“Zach was doing economic and technology development work, some of which overlapped with the seafood industry,” Kasberg said.
Together, their skill sets meshed well for developing a greener extraction method to make chitosan affordably.
“Zach and I started Tidal Vision in Juneau, Alaska, in 2015,” Kasberg said. “We spent a year with a Ph.D. chemist developing this unique chitosan extraction process.”
In 2016, Tidal Vision relocated to its first warehouse in Kent, where Kasberg and Wilkinson built a pilot plant for this extraction process. Then came Bellingham.
“Four years ago this month, we relocated to Whatcom County, and we’ve been headquartered here ever since,” Kasberg said. “It just made sense to be here. It’s more affordable than King County. There is room to expand in commercial real estate development, and it’s a great hub for the seafood industry, where our raw materials come from.”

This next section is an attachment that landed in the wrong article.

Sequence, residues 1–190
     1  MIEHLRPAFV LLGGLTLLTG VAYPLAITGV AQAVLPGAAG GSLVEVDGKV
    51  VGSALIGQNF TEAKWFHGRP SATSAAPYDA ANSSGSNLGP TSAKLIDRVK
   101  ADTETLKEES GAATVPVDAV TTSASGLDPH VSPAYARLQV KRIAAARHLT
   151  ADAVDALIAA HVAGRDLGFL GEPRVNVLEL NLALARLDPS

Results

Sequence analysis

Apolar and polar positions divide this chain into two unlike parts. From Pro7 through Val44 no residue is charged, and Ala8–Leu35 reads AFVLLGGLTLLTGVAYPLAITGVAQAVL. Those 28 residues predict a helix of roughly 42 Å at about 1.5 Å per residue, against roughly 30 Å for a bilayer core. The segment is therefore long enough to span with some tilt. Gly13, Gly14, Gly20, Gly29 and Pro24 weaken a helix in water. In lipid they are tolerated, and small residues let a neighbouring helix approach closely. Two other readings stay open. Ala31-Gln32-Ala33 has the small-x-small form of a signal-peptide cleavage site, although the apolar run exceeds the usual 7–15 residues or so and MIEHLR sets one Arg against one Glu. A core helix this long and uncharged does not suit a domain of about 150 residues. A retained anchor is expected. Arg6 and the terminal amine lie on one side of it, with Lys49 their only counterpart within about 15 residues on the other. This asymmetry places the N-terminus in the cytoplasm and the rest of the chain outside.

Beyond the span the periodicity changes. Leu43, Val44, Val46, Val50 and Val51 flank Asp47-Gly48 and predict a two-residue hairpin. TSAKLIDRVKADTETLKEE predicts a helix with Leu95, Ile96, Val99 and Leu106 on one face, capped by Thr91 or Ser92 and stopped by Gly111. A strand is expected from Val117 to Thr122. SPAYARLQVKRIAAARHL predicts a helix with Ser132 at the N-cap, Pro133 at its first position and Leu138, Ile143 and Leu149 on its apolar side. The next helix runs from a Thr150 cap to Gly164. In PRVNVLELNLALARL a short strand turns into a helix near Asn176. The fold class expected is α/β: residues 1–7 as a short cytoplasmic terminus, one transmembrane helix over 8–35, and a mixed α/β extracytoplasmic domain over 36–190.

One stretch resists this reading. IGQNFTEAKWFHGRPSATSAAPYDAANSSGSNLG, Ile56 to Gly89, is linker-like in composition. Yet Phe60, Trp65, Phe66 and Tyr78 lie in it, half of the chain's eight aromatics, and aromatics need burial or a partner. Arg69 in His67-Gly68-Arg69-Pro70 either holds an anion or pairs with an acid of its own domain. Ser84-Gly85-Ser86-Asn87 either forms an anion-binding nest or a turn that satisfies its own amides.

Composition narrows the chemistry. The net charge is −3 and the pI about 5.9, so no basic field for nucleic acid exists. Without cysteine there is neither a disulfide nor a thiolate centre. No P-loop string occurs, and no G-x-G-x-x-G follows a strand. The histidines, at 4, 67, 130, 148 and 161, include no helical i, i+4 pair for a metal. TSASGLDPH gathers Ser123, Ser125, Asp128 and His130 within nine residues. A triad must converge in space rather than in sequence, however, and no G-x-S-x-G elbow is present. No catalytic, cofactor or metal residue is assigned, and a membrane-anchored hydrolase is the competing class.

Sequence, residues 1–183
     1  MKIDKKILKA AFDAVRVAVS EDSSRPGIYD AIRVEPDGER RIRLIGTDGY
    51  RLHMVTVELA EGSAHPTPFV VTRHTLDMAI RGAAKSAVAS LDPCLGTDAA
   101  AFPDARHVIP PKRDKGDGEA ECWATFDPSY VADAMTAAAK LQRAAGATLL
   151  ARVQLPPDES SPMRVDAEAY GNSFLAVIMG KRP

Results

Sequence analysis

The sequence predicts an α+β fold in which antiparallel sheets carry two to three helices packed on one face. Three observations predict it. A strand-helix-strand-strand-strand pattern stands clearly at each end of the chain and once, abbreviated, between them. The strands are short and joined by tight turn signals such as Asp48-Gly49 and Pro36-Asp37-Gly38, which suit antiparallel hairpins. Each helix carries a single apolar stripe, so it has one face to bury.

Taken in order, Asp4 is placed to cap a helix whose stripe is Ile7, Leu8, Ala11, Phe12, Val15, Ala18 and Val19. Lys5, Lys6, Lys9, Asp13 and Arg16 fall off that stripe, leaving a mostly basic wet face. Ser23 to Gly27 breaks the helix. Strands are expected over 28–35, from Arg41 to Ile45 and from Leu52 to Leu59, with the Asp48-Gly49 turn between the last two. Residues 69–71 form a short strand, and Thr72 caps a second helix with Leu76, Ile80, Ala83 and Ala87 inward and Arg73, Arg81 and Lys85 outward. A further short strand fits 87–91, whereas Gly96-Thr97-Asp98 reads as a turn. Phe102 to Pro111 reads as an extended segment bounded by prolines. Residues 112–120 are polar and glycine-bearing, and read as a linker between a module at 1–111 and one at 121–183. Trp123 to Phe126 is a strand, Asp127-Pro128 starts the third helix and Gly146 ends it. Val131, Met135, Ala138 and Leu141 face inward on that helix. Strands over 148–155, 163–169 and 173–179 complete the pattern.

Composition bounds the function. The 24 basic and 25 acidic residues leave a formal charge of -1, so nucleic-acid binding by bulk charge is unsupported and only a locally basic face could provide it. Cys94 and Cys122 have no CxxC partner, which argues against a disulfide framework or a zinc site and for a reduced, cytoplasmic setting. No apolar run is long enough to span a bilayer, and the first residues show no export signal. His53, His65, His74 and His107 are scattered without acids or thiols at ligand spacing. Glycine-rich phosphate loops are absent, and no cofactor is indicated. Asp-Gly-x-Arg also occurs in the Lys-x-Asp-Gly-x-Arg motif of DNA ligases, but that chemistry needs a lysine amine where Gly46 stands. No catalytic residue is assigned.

After years of development, it was around 2018 that Tidal Vision was able to scale its extraction method and sell chitosan to various industries as a product.
Now Tidal Vision has more than 84,000 square feet of production and warehouse space in two facilities in Bellingham, on Irongate Road and Valencia Street.
“Our goal from the beginning, Zach and I, has always been to reduce waste to encourage sustainable fisheries by developing and commercializing technologies that turn waste into value,” Kasberg said.
That effort has the potential to protect the livelihood of fishermen long-term.
“Fishermen harvest live crab and bring them to very few locations for processing,” Kasberg said. “These shells are 40% calcium carbonate, which is basically limestone, so they are very slow to naturally biodegrade. Seafood processors are no longer allowed to dump the waste shells in the ocean anymore, so they were hauled to landfills or incinerated. We’re giving the seafood industry a useful use and income for what was traditionally waste biomass.”